You can start early training for your Shih Tzu puppy as soon as eight weeks of age is important to solidify good behaviors. Otherwise, it may be much harder to correct bad behaviors later on.
Socialization for your puppy is one of the most important things you can provide. Exposing them to different environments, animals, and other people helps them become accustomed to new experiences. They won't freak out as much if they are ever put in an unfamiliar situation.
Make them comfortable going out by taking them to many places when they are puppies and giving them lots of treats throughout the trip. Positive reinforcement is one of the most effective ways to train a new puppy. Give them plenty of praises, dog treats, and head scratches to associate new experiences with positive rewards!
Shih Tzu Dog Breed History
The first Shih Tzu breed was recorded at least 100 years ago, but they may have existed far before that. You can find paintings and art of these short and stout lapdogs in China as early as 1000 BC.
Some people speculate that the Shih Tzu actually originated from the neighboring country of Tibet. However, most experts agree that Shih Tzus were developed for Chinese royalty. Many believe the modern-day Shih Tzu came from a mix of Pekingese and Lhasa Apso.
The name Shih Tzu means "little lion" in Chinese and Tibetan culture. According to ancient legend, they received this name from the Tibetan Buddhist goddess of learning. The legend says that the goddess traveled with a small lion dog that could turn into a full-size lion.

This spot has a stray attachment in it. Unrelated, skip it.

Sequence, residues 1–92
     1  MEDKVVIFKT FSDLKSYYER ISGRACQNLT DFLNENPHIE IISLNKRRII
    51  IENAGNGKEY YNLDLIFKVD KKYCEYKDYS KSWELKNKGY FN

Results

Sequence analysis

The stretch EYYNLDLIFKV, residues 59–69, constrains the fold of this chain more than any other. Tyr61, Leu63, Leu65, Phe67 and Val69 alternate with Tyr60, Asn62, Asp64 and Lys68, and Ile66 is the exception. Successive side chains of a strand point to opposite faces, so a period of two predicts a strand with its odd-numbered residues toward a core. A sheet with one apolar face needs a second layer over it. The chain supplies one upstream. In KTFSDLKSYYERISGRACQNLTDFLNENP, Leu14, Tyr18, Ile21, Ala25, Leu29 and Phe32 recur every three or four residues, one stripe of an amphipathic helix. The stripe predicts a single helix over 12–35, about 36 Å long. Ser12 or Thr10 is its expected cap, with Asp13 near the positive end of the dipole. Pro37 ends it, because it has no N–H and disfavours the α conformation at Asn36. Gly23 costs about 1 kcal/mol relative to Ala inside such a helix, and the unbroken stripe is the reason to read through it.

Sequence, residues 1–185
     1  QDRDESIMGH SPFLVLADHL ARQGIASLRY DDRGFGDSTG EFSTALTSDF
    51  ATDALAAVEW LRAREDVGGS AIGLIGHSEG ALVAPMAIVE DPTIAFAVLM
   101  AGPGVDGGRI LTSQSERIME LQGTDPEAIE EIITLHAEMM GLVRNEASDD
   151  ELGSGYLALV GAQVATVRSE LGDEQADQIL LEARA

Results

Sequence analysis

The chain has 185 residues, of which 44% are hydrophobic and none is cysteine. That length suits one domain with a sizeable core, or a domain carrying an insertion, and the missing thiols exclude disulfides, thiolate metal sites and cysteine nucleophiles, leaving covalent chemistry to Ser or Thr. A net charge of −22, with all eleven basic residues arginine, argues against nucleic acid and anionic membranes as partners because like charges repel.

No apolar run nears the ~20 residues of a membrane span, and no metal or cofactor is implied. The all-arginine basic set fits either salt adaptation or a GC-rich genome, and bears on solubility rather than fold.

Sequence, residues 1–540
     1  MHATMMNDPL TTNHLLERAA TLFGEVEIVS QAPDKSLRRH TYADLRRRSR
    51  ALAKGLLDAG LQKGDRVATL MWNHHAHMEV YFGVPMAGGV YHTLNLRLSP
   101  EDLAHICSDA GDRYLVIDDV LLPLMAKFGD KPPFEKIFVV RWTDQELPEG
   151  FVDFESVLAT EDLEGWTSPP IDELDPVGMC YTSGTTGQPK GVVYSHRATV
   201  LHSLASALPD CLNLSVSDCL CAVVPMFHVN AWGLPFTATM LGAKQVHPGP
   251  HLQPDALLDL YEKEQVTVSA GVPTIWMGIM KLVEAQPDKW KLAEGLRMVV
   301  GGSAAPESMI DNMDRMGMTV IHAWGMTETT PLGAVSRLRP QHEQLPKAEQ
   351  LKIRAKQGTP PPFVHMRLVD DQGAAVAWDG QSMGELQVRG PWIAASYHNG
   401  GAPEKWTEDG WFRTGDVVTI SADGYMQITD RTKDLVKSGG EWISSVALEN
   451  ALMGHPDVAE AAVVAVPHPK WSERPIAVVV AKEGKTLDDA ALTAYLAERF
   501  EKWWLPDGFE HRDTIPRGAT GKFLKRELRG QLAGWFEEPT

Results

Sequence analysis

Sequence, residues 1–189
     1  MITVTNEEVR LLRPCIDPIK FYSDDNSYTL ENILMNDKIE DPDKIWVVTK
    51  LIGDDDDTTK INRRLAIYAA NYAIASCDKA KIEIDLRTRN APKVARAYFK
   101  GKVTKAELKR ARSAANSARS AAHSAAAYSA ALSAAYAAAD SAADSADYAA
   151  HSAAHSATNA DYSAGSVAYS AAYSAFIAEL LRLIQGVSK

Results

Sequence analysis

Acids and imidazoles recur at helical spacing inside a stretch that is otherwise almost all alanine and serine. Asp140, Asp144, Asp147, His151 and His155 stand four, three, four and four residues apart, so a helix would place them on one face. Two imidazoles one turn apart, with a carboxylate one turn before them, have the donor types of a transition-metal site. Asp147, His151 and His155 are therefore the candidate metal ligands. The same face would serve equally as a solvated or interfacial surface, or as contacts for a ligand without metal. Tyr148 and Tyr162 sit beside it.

Empress Tzu Hsi
In 1861, Empress Tzu Hsi was one of the first significant figures that boosted the popularity of the Shih Tzu. She had a great love for all dogs and made it punishable by death to torture or kill any palace dogs.
When the Dalai Lama gave Empress Tzu Hsi two extraordinary and beautiful Shih Tzus, she created an extensive breeding program for the breed. Her program led to the increase in popularity for Shih Tzus across the nation.
After her death in 1908, many royal families sought to produce a breed with the finest coats and colors. However, this led to poor breeding practices and a decrease in breed quality overall. Higher quality Shih Tzus were smuggled out of the palaces and sold to the highest bidder, noblemen, or foreigners.
Modern-Day Shih Tzus